cover image THE ZIGZAG WAY


Anita Desai, . . Houghton Mifflin, $23 (159pp) ISBN 978-0-618-04215-9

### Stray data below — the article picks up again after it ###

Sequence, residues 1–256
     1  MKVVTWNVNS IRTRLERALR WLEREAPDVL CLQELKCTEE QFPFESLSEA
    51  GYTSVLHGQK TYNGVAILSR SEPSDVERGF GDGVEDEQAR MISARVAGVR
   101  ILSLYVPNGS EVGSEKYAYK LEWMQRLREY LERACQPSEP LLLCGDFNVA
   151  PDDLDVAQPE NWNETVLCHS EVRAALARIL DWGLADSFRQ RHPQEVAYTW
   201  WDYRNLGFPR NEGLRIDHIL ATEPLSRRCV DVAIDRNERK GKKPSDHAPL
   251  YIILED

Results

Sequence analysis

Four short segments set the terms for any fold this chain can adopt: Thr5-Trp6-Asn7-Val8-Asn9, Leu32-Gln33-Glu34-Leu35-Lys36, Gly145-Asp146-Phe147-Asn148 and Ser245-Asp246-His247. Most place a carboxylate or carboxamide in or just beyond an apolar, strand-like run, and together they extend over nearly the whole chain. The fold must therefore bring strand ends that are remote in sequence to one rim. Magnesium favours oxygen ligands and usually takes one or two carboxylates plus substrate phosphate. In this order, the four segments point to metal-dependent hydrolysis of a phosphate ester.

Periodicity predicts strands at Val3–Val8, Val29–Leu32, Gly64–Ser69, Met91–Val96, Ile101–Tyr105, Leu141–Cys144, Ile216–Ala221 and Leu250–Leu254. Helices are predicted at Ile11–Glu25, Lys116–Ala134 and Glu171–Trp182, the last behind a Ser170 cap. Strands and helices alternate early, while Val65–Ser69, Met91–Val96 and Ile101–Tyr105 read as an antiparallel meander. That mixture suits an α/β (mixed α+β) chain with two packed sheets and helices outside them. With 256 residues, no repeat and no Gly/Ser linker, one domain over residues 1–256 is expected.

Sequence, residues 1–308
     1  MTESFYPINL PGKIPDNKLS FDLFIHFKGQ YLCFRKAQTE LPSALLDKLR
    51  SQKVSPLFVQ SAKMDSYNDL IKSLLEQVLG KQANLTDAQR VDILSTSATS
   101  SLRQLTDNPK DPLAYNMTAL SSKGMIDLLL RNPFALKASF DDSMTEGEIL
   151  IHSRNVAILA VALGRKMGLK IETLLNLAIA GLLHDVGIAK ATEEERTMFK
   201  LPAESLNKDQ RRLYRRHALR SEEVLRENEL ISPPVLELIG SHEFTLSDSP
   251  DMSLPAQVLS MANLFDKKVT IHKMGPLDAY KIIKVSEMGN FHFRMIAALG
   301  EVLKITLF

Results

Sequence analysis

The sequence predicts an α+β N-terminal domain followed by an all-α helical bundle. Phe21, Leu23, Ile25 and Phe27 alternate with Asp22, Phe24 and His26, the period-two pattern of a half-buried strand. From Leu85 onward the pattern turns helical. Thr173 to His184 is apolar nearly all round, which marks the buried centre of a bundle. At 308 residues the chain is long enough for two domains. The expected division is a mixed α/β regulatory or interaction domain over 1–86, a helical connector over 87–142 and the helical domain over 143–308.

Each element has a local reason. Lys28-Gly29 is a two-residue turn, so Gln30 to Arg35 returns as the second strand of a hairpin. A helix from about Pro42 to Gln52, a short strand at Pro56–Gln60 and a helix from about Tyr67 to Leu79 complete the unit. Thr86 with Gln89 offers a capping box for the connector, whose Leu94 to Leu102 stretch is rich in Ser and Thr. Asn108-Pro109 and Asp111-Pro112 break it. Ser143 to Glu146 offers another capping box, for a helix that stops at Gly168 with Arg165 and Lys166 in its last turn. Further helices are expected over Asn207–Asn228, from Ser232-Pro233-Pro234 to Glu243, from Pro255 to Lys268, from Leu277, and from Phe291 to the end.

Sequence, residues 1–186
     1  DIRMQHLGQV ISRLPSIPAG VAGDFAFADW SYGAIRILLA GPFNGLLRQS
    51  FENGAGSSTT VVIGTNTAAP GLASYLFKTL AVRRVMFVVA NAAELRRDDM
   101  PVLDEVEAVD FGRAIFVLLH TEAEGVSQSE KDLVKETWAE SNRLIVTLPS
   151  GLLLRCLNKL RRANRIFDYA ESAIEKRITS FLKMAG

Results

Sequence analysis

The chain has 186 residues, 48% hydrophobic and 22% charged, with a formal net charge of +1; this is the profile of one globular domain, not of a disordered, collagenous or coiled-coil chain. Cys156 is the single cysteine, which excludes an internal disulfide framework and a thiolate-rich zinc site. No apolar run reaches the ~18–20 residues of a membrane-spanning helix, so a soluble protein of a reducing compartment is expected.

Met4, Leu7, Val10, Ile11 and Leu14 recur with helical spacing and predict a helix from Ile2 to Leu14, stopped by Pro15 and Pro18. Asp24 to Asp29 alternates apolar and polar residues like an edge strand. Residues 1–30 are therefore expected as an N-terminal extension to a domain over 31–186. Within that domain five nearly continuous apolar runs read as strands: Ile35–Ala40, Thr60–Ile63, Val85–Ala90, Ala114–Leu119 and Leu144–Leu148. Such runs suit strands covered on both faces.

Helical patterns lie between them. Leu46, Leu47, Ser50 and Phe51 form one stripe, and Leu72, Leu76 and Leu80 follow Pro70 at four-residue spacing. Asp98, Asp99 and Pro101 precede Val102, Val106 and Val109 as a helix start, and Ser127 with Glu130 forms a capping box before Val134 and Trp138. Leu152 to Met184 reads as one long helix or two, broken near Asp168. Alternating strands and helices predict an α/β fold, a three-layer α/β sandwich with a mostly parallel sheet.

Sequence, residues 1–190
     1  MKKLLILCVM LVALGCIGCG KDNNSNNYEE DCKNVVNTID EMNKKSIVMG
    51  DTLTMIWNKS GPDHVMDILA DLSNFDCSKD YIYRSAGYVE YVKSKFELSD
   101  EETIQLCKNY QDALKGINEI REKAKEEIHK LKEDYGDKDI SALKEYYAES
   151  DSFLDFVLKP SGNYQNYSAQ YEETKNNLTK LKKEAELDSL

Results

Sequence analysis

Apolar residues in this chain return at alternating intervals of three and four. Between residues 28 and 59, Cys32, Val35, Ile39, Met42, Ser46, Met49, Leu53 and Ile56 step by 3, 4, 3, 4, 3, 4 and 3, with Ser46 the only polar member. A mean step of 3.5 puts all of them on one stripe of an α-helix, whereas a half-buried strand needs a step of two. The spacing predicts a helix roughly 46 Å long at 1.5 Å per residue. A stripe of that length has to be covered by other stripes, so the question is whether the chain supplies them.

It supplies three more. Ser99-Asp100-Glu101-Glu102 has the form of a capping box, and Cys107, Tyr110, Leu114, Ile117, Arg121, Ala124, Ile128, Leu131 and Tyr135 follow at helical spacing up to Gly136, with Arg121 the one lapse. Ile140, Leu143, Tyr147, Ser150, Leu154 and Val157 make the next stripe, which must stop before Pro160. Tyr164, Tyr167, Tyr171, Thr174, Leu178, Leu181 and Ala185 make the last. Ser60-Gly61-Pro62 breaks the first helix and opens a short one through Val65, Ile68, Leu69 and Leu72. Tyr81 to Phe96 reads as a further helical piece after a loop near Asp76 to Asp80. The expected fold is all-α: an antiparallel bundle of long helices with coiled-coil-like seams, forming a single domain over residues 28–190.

Like the recent film Lost in Translation , Desai's new novel tells of an American adrift in a foreign culture that remains frustratingly inscrutable. Eric is a New England–born graduate student in history at Harvard who follows his scientist girlfriend, Em, on a research trip to Mexico. Once she sets off with her colleagues to conduct field observations, he is left alone and overwhelmed by his own lack of purpose. Remembering that his Cornish grandfather, about whom he knows next to nothing, had worked as a miner in the Sierra Madre in the early part of the 20th century, he determines he will use the trip to find out more about his family's past. Along the way he meets an eccentric, powerful European woman, Doña Vera, who has become a champion of indigenous culture but whose own past is mysterious. The stories of Eric, his grandparents and Doña Vera are interwoven into a short, contemplative narrative. Eric is a passive narrator, clambering his way through the beautiful but beguiling scenery, which is described in florid, dense prose reflecting his sensory overload, in a story that never really gains momentum. While Desai has uncovered a compelling chapter in Mexican history, the novel is a meandering, disappointing journey. Agent, Melanie Jackson. (Nov. 9)